VSMT stages Tony Award-winner ‘Aida’

Clarissa Gabriel

The first time I saw “Aida” was for my 11th birthday.

It was my first Broadway musical, and somewhere in the midst of the singing and psychological angst, I fell asleep.

My father’s $150 birthday present wasn’t exactly stimulating, even on the mainstream scale.

Seeing the Egyptian scroll flyers around campus was enough to get me out on a Thursday night for opening night of VSMT’s spring production of “Aida.”

This performance outdid its predecessor.

The two leading ladies Anu Jayakrishnan (Aida) and Carly Robinson (Amneris) were able to fully captivate the audience vocally, as well as emotionally.

Jayakrishnan seemed to easily fit in her role as a strong-willed captivated princess, while Robinson was not only the necessary comedic undertone but was someone with whom the audience could sympathize.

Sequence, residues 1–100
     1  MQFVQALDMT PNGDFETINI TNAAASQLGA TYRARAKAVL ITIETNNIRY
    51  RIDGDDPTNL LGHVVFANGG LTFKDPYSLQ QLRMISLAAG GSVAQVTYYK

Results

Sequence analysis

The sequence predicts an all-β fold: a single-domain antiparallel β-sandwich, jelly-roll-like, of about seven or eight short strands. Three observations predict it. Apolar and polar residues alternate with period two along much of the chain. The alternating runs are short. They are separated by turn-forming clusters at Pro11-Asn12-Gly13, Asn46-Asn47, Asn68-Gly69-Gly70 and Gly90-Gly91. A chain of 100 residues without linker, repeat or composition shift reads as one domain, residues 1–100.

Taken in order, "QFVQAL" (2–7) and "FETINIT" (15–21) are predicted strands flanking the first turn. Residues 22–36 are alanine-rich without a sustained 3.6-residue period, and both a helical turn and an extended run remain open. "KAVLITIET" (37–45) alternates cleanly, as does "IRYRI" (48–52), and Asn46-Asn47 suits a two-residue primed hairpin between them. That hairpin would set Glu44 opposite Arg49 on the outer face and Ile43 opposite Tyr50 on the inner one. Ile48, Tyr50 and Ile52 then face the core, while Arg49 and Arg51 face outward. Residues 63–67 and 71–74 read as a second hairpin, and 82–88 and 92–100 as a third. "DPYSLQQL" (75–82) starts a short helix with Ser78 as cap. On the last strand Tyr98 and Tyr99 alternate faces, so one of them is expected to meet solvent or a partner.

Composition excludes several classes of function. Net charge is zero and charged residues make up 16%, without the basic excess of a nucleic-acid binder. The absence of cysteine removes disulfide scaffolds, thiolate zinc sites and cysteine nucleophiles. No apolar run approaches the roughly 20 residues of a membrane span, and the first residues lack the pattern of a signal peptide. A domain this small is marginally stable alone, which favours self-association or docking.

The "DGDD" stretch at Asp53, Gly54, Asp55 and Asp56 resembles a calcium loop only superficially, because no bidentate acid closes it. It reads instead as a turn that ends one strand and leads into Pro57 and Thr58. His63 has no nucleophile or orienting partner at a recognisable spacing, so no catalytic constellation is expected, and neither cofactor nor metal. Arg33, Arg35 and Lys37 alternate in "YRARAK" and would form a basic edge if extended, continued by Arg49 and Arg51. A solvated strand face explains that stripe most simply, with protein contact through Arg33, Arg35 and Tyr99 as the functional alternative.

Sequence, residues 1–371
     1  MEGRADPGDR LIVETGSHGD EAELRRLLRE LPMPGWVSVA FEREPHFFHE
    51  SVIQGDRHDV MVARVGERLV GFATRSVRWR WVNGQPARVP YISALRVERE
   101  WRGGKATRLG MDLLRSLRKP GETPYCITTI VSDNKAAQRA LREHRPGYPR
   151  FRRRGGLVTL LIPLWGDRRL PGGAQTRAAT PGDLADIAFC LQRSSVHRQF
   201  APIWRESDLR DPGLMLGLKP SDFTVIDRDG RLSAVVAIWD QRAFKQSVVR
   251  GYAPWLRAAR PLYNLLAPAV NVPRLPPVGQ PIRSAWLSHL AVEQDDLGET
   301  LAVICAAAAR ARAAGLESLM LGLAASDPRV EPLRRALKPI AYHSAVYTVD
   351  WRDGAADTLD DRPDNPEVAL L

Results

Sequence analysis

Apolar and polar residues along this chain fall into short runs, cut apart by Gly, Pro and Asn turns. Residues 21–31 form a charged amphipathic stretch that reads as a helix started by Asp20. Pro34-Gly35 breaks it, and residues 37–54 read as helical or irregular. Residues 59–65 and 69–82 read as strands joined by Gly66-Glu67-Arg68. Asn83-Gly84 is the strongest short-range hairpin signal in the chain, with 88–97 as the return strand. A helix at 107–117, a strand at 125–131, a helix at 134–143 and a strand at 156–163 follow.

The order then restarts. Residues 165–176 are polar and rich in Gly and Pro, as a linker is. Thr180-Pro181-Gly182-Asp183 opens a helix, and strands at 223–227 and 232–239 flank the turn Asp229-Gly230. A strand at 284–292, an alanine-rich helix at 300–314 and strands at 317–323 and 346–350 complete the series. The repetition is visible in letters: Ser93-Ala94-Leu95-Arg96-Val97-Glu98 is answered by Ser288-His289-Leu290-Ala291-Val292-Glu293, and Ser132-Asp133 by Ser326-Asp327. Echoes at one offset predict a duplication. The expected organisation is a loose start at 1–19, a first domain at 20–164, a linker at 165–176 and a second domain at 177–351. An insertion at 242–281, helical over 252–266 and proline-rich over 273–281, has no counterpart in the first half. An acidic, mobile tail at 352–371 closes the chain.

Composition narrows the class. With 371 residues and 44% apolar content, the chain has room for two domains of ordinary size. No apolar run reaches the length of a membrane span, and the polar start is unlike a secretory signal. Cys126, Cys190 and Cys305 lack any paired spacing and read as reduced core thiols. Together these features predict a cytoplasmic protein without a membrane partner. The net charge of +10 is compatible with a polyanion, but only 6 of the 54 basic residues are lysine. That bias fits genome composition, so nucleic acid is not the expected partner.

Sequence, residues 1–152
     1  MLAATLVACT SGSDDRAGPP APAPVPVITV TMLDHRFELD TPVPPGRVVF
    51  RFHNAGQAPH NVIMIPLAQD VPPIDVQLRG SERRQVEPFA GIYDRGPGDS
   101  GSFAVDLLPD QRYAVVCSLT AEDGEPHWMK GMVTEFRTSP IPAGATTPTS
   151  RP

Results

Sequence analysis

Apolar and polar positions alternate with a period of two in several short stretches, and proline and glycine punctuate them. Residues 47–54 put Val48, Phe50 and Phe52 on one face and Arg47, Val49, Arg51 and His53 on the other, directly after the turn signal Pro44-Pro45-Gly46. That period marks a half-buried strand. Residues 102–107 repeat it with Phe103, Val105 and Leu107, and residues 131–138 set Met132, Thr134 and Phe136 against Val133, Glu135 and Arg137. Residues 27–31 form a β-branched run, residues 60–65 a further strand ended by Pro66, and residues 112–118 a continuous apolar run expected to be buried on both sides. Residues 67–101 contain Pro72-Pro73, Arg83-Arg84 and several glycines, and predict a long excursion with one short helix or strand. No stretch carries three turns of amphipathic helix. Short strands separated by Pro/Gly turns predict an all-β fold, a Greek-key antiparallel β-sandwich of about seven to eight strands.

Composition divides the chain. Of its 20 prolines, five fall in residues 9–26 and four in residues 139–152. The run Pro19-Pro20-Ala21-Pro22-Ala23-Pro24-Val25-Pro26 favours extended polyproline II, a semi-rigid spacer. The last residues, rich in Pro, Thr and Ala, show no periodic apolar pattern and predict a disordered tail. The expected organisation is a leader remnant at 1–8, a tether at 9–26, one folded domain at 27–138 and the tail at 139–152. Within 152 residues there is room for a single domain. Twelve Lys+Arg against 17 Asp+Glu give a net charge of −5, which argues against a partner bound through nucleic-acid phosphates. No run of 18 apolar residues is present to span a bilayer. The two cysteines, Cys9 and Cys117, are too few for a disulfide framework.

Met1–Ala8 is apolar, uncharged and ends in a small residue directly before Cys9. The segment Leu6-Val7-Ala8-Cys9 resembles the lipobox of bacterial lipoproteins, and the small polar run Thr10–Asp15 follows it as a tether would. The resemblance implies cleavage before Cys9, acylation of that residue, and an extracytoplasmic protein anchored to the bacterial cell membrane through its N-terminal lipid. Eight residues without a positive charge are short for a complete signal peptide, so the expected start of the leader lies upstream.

Both sold each one of Elton John and Tim Rice’s catchy and remarkable songs.

However, this love-triangle would cease to exist without the male counterpart, Ramades, played by Chris Irving. His talent as an actor and ability as a vocalist was the glue that connected the two worlds of Nubia and Egypt.

He possessed the human condition necessary to show a torn star-crossed lover.

Jayakrishnan and Irving’s stage chemistry was thoroughly believable, almost to the point that one wondered if it were really a Disney musical.

Both Joe Hawkins (Zoser), playing the villain with somewhat-good intentions, and Joe Aguila (Mereb), playing the dutiful Nubian slave, were successful in fully becoming their roles.

My only qualm is that Zoser did not seem much older than his son, but he still provided a strong villain. The ensemble did an amazing job being so many different believable characters.

Behind the scenes, the director, Matthew Decker, as well as all involved, did a stunning job creating an Egyptian world in such a small auditorium in St. Mary’s Hall.

It can be said that VSMT’s $5 performance in many ways succeeded Broadway’s more expensive ticket.

The acting, charisma and vocal abilities of both the Broadway and Villanova productions showed true talent.

But when it comes to which was more entertaining, I like to think it was the latter.